Internet world is getting ready for the big change in the protocol we use use at present. Yes, we are all about to change from IPv4 to IPv6. The Internet Society sponsors World IPv6 Day on June 8, 2011, in which Google, Facebook, Yahoo!, Akamai, Limelight Networks, Cisco, Meebo, Genius, W3C and others will participate for 24 hours in the first global test of IPv6. So we can all enjoy and watch what exactly this change means to normal internet users.
Whats up with IPv4 ?
Internet Protocol version 4 (IPv4) is the fourth revision in the development of the Internet Protocol (IP) and it is the first version of the protocol to be widely deployed. Together with IPv6, it is at the core of standards-based internetworking methods of the Internet. IPv4 is still by far the most widely deployed Internet Layer protocol. As of 2011, IPv6 deployment is still in its infancy.
|Notation||Value||Conversion from dot-decimal|
|Dotted Hexadecimal||0xC0.0x00.0x02.0xEB||Each octet is individually converted to hexadecimal form|
|Dotted Octal||0300.0000.0002.0353||Each octet is individually converted into octal|
|Hexadecimal||0xC00002EB||Concatenation of the octets from the dotted hexadecimal|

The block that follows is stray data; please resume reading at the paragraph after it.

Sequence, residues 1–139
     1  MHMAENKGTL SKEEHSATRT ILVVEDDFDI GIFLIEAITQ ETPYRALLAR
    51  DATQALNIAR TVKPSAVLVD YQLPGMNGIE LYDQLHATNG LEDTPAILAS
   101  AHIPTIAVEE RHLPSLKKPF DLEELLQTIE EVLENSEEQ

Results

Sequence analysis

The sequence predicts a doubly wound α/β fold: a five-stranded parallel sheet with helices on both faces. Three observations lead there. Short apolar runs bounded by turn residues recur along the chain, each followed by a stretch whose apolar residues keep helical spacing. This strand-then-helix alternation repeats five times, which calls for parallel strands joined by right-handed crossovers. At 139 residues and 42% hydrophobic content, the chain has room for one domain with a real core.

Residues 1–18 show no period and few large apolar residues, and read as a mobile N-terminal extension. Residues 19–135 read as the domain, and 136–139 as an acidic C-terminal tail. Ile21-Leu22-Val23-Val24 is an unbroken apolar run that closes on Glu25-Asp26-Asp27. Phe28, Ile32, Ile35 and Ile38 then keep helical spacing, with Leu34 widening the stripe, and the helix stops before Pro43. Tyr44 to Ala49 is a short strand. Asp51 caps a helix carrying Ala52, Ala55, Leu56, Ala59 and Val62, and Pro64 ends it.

|Decimal||3221226219||The 32-bit number expressed in decimal|
|Octal||030000001353||The 32-bit number expressed in octal|
Say hi to IPv6
Internet Protocol version 6 (IPv6) is a version of the Internet Protocol (IP) that is designed to succeed Internet Protocol version 4 (IPv4). The Internet operates by transferring data in small packets that are independently routed across networks as specified by an international communications protocol known as the Internet Protocol. Each data packet contains two numeric addresses that are the packet’s origin and destination devices. Since 1981, IPv4 has been the publicly used Internet Protocol, and it is currently the foundation for most Internet communications. The Internet’s growth has created a need for more addresses than IPv4 has. IPv6 allows for vastly more numerical addresses, but switching from IPv4 to IPv6 may be a difficult process.
Sample IPv6 IP address
IPv6 addresses have two logical parts: a 64-bit network prefix, and a 64-bit host address part. (The host address is often automatically generated from the interface MAC address.) An IPv6 address is represented by 8 groups of 16-bit hexadecimal values separated by colons (:) shown as follows:
A typical example of an IPv6 address is
The hexadecimal digits are case-insensitive.
The 128-bit IPv6 address can be abbreviated with the following rules:
- Rule one: Leading zeroes within a 16-bit value may be omitted. For example, the address
fe80:0000:0000:0000:0202:b3ff:fe1e:8329may be written as
- Rule two: A single occurrence of consecutive groups of zeroes within an address may be replaced by a double colon. For example,
Keep your eyes wide open
Though I have checked a lot with Cloud computing and similar stuff earlier, I am not really having time to digg in to these heavy technology stuff at the moment. I am more concentrating on my Web design and Development company and working on some iPhone Application development for our Yellow Pages. But keep watching this space. I will have an update about the IPv6 test day on June 8, 2011 if possible. Tell me your thoughts through comments.